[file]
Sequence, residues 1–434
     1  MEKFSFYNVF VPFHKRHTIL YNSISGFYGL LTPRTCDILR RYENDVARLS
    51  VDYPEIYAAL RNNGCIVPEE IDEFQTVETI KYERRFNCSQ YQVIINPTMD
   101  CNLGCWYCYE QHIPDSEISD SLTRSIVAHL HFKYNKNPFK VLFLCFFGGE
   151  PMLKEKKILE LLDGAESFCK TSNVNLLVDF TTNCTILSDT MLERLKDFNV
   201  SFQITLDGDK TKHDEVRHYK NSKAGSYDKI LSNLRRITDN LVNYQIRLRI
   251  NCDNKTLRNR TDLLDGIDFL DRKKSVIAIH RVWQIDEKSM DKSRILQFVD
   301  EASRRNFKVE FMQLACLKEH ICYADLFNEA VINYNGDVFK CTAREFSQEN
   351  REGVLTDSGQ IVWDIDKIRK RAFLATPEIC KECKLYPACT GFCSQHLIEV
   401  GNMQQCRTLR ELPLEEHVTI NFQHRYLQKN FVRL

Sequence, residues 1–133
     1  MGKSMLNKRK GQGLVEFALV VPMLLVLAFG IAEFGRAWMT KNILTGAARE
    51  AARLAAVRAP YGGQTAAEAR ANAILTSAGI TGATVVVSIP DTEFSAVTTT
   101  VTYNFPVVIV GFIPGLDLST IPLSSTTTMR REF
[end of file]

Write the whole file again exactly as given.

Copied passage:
Sequence, residues 1–434
     1  MEKFSFYNVF VPFHKRHTIL YNSISGFYGL LTPRTCDILR RYENDVARLS
    51  VDYPEIYAAL RNNGCIVPEE IDEFQTVETI KYERRFNCSQ YQVIINPTMD
   101  CNLGCWYCYE QHIPDSEISD SLTRSIVAHL HFKYNKNPFK VLFLCFFGGE
   151  PMLKEKKILE LLDGAESFCK TSNVNLLVDF TTNCTILSDT MLERLKDFNV
   201  SFQITLDGDK TKHDEVRHYK NSKAGSYDKI LSNLRRITDN LVNYQIRLRI
   251  NCDNKTLRNR TDLLDGIDFL DRKKSVIAIH RVWQIDEKSM DKSRILQFVD
   301  EASRRNFKVE FMQLACLKEH ICYADLFNEA VINYNGDVFK CTAREFSQEN
   351  REGVLTDSGQ IVWDIDKIRK RAFLATPEIC KECKLYPACT GFCSQHLIEV
   401  GNMQQCRTLR ELPLEEHVTI NFQHRYLQKN FVRL

Sequence, residues 1–133
     1  MGKSMLNKRK GQGLVEFALV VPMLLVLAFG IAEFGRAWMT KNILTGAARE
    51  AARLAAVRAP YGGQTAAEAR ANAILTSAGI TGATVVVSIP DTEFSAVTTT
   101  VTYNFPVVIV GFIPGLDLST IPLSSTTTMR REF